Though the product is targeted at medium- to large-sized enterprises, with a particular focus on the manufacturing sector, organizations of all kinds will find Instant Extranet useful, Wood said. Though the TruTunnel appears to be a single application to the network, inside the tunnel, each application is broken out and can be encrypted, compressed and monitored individually, according to Wood. The ability to control the applications this way, as well as to manage the bandwidth that each program gets, will make Instant Extranet a popular product for Application Service Providers and companies that have service-level agreements that they must meet, Hickenbottom added.
Giga’s Slaby expects that the product could be an immediate hit with sales and supply chain customers, and later grow beyond those markets.
“The technology looks like a very elegant solution,” he said. “I’ve been waiting for someone to come along with a product like this.”
Rajendra Mruthyumjayappa, director for operations for online services with Talisma Corp., was also looking for such a product and beta tested Instant Extranet. Talisma sells a customer relationship management application that it offers as both a standalone product and a hosted service, he said. Many of Talisma’s customers who used the hosted service wanted to use a more secure method of connecting to the service and were considering VPNs, he said.
Instead of using a VPN, however, Talisma used Instant Extranet, which pleased its customers, Mruthyumjayappa said.
“It’s a very intriguing technology,” he said. “It solves the problem,” is easy to install and is cost-effective, which is “what every client wants,” he said.
Though he would like to see future versions of the product sport more detailed reporting features, Mruthyumjayappa called Instant Extranet “a simple solution for a complex problem.”
Despite the optimism, Flatrock’s Hickenbottom knows that he has an uphill battle to fight against the momentum gaining behind VPNs.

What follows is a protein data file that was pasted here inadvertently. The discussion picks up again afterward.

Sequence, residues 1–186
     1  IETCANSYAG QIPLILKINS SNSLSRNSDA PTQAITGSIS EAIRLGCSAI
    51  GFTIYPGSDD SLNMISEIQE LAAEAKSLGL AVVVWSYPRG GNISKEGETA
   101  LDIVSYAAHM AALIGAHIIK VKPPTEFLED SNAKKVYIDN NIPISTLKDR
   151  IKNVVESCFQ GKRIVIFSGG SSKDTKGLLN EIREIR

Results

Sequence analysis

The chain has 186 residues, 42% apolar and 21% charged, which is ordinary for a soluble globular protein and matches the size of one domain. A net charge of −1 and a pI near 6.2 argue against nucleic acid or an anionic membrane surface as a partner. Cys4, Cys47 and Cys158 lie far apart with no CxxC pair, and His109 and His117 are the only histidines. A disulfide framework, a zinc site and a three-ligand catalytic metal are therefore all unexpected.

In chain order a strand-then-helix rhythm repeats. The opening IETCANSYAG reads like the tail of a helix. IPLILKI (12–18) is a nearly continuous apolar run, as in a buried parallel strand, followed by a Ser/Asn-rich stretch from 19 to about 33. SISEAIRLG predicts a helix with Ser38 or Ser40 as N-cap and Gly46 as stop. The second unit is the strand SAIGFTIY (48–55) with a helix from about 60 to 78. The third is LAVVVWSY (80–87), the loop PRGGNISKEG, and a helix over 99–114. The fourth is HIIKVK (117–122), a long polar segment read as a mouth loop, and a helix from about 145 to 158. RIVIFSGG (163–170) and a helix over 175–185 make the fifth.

“We have an education (process) ahead of us,” he said. But he expects that other companies doing what Flatrock does will spring up soon.
“We won’t be the last (company) who does this,” he said.
Along with the challenge from VPNs, Flatrock may also run into competition from Web services and Web-enabled applications, according to analysts.
“The biggest issue that they face is this push on Web services. There’s an awful lot of weight behind Web services,” with Microsoft Corp. as one of the heaviest backers of Web services, according to Van Baker, a vice-president with Gartner Inc.’s GartnerG2 unit.
With Web services poised to become a standard way of delivering applications over the Internet in the future, “they’ve got to convince people that (Instant Extranet) is a better investment,” he said.
Giga’s Slaby agrees.
Web services “diminishes the unique value of (Instant Extranet). But the question is, when does the world get completely Web-enabled? My guess is no time soon,” he said.
Even if Web services were to catch on in a big way, not all applications will be made Web-enabled, GartnerG2’s Baker said, since that often requires rewriting the application.
“The simplicity is the big advantage they have,” he said.
Flatrock’s Instant Extranet has been shipping since September and is available immediately worldwide. The provider version of the Application Router costs US$29,995, with the subscriber box selling for US$5,995. There is also an annual maintenance fee of about 20 per cent of the purchase price for software updates.
Flatrock, in Portland, Ore., can be reached http://www.flatrock.com.